The central Asian origins of Bishkek’s name are still hotly debated but the city is unmistakably Soviet in its design © Nikita Maykov, Shutterstock
This is no urban jungle; in many aspects the city is almost village-like, with local communities focused around small markets and convenience stores, and the constant reminder of the alpine landscape that lies just beyond the city limits.
One story relates that Kyrgyzstan’s capital, Bishkek (Бишкек), takes its name from the plunger of the wooden churn (bishkek) used to make kumys, the popular Kyrgyz tipple that is conjured from fermented mare’s milk. This is far from certain, however, as there are several plausible alternatives: another possible derivation might be from besh kek, which translates literally as ‘five chiefs’, or even besh bik, which is Kazakh for ‘five peaks’; or the name may even have a more ancient etymology and derive from pishagakh, an ancient Sogdian term meaning ‘place beneath the mountains’.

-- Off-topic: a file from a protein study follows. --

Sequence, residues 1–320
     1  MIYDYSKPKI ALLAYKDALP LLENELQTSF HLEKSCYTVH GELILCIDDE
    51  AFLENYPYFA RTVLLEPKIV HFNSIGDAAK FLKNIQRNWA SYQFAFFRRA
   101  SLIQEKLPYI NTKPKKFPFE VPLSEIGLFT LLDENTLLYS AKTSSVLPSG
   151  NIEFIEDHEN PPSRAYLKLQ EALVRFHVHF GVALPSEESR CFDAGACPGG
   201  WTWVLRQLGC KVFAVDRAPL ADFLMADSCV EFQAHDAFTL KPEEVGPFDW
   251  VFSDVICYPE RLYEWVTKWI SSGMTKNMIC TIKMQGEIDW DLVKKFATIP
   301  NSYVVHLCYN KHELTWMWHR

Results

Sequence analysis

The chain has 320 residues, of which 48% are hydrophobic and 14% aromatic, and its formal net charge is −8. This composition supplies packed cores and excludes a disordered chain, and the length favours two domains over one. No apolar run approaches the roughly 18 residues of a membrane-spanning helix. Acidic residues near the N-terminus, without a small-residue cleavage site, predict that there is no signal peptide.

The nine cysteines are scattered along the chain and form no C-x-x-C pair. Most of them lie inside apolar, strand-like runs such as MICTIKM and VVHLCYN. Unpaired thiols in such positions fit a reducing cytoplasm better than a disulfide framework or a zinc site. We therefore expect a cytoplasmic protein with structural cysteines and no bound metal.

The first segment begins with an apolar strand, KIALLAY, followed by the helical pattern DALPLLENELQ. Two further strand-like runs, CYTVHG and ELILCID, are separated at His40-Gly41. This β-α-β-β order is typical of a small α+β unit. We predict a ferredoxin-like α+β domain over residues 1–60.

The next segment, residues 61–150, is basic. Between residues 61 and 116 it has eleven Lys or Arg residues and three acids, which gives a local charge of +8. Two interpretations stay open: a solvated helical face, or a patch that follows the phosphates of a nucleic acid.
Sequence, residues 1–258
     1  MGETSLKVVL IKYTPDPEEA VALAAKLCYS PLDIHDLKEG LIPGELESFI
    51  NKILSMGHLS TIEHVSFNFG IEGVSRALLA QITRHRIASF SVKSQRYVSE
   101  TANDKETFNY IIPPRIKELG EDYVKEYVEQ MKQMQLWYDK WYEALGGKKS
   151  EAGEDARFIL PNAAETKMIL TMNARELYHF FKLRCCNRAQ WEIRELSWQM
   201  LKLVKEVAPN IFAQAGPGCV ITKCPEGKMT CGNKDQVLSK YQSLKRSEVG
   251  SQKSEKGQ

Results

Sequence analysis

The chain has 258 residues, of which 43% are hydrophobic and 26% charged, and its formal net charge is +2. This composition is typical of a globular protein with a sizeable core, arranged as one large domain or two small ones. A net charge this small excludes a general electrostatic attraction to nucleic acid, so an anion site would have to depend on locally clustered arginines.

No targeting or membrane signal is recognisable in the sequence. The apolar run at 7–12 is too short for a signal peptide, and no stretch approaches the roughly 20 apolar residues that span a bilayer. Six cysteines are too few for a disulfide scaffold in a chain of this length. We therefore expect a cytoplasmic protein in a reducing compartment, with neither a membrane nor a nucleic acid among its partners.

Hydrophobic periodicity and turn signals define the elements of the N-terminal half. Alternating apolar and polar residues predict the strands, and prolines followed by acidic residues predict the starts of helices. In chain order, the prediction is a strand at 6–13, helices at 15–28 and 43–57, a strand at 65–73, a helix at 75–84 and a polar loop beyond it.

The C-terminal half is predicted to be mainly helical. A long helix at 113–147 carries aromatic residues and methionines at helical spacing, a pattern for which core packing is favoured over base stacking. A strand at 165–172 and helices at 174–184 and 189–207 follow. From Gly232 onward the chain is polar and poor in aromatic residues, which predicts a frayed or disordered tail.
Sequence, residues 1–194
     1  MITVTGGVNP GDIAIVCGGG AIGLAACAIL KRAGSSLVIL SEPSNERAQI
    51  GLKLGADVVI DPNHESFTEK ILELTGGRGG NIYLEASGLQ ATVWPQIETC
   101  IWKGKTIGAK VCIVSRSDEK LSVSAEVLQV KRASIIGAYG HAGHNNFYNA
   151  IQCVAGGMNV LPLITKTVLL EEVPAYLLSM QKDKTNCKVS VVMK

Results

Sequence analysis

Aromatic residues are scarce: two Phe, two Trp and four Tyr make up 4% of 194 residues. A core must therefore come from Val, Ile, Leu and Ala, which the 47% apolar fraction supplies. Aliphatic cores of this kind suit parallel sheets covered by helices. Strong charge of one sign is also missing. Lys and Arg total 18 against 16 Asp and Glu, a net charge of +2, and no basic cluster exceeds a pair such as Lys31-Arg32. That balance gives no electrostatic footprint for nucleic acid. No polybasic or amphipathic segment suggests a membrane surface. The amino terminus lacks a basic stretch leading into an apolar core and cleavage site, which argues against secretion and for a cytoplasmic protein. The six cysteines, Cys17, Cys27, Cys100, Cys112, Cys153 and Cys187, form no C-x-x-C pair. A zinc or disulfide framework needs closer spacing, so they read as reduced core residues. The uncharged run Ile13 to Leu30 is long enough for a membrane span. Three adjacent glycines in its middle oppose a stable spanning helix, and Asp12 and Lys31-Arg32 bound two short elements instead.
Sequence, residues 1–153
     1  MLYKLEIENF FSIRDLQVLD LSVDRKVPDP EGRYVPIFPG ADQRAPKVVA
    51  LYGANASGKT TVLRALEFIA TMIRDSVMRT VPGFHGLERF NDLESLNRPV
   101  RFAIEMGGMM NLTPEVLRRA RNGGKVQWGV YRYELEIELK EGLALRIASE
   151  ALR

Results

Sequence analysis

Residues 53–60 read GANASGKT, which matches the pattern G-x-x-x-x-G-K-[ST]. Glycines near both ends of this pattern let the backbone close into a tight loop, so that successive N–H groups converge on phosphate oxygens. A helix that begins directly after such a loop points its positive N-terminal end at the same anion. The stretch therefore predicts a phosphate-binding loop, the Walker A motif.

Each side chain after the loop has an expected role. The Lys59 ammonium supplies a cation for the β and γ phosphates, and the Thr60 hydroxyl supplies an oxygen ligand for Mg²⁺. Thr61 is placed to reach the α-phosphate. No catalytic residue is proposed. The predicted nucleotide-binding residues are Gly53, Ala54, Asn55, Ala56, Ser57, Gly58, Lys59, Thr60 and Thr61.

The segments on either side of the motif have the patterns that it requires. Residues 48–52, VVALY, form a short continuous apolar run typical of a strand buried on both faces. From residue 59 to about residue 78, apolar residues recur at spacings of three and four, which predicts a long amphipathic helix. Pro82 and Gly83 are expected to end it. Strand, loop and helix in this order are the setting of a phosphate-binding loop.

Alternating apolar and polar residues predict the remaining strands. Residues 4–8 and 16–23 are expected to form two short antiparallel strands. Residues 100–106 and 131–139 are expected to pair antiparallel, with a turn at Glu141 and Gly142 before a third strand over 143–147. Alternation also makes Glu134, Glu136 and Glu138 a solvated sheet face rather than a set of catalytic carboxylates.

Whatever the name’s origin, all of these appellations are of central Asian derivation, a fact that is at odds with the reality that Bishkek is clearly a Soviet city with a Russian – or, at the very least, the ghost of a Russian – soul. Like a scaled down version of its Kazakh rival, Almaty, Bishkek is a Russian city displaced several thousand kilometres to the east by the geography of empire: a purpose-built capital with buildings and monuments resonant of Europe west of the Urals.
Also, like the Kazakh capital, Bishkek has a remarkable amount of green space, with swathes of parks and woodland dotted about the city to soften the traffic noise and freshen up the air (the city is said to have more trees per person than anywhere else in central Asia). The streets – a textbook example of Soviet planning – are arranged on a grid system and, as in many provincial Russian or ex-Soviet cities, the boulevards and avenues that criss-cross the city are a tad wider than they realistically need to be to contain the traffic.